Friday, July 14, 2017

On HTTP Status Codes

Originally written in response to a question on Stack Overflow; the community seemed to think the question wasn't appropriate for the site.

Overview of status codes

I'm designing a RESTful API and I have an endpoint responsible for product purchase. What HTTP status code should I return when user's balance is not enough to purchase the specified product (i.e. insufficient funds)?

The most important consideration is that you recognize who the audience of the status-code is: the participants in the document transport application.  In traditional web apis (which is to say, web sites), the audience would be the browser, and any intermediaries along the way.

For example, RFC 7231 uses status codes as a way to resolve implicit caching semantics
Responses with status codes that are defined as cacheable by default (e.g., 200, 203, 204, 206, 300, 301, 404, 405, 410, 414, and 501 in this specification) can be reused by a cache with heuristic expiration unless otherwise indicated by the method definition or explicit cache controls [RFC7234]; all other status codes are not cacheable by default.

If you think of the API consumer (aka the human being) and the API client (aka the web browser) as separate: then the semantics of the status codes are directed toward the API _client_.  This is what tells the client that it can just follow a redirect (the various 3xx headers), that it can simply reset the previous view (205), that it should throw up a dialog asking that the consumer identifier herself (401) and so on.

The information for the consumer is embedded in the message-body.

402 Payment Required

402 Payment Required, alas, is reserved.  Which is a way of saying that it doesn't have a standard meaning.  So you can't deliver a 402 in the expectation that the API client will be able to do something clever -- it's probably just going to fall back to the 4xx behavior, as described by RFC 7231
a client MUST understand the class of any status code, as indicated by the first digit, and treat an unrecognized status code as being equivalent to the x00 status code of that class, with the exception that a recipient MUST NOT cache a response with an unrecognized status code.

I wouldn't bet hard on 402; it was also reserved in RFC 2616, and there's a big gap in RFC 1945 where it should have been.

My guess would be that a 402 specification would be analogous to the requirements for 401, with additional standard headers being required to inform the client of payment options.

As we don't know what headers those would be.  Taler's approach was to stick in a custom header, for instance.  If you control the client, wiring in your own understanding of what 402 might someday be could be a reasonable option.

Protocol alternatives

Another option of good pedigree is to consider that collecting a payment is just another step in the integration protocol.

So, from that perspective, it's perfectly reasonable to say that the request was processed successfully, but the returned representation, rather than providing a link to the cake, provides a link to the billing system.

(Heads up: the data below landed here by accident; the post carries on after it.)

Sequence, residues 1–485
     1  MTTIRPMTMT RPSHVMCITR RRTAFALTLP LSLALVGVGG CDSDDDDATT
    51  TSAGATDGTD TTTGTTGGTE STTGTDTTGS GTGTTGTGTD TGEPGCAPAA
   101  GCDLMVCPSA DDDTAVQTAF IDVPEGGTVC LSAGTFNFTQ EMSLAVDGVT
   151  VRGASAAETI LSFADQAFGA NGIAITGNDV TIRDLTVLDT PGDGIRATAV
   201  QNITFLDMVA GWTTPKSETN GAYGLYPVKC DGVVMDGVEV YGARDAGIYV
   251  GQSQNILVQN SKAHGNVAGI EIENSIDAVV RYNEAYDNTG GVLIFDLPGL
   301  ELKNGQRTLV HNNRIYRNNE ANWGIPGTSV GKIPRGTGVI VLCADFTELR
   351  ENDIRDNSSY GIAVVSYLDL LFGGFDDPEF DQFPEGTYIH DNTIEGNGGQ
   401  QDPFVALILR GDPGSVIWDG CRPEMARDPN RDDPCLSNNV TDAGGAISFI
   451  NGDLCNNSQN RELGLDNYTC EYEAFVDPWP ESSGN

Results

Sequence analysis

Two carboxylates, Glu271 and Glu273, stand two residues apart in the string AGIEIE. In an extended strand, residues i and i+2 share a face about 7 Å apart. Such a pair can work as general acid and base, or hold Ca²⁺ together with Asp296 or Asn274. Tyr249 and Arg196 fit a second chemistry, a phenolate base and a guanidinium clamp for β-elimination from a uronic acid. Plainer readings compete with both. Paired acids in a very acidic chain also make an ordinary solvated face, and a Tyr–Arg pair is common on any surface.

This is the approach described by Jim Webber when he talks about RESTBucks.  Needing to make a payment is a perfectly normal thing to do in a purchasing protocol, so there's no need to throw an exception when money is due.  Thus, 2xx Success is still a reasonable choice:
The 2xx (Successful) class of status code indicates that the client's request was successfully received, understood, and accepted.
So the _client_ knows that everything went well; and the consumer needs to review the semantics of the message in the message-body to proceed toward her goal.  This is how hypermedia is intended to work -- the current application state is described by the message.

Protocol violations

Now, if instead of proceeding to the payment system as directed, the consumer tries to skip past the purchasing system onto the good bits; that's not so much part of the protocol, so you needed feel compelled to continue to provide a good experience.  400 Bad Request or 403 Forbidden are your go to choices here.

412 Precondition Failed is just wrong; it means that the preconditions provided in the request headers were not met when the server processed the request.  Unless you've got the client providing some extra headers, it's not a fit.
409 Conflict... I believe that one is wrong, but its less clear.  From what I can see in the literature, 409 is primarily a remote editing response -- we tried to apply some change to a resource, but our edit lost some sort of conflict battle with other changes in the system.  For instance, Amazon associates that status-code with BucketAlreadyExists; the problem with the request to create a bucket with that name is that the name has already been taken (and it is a client error, because the client didn't check first).

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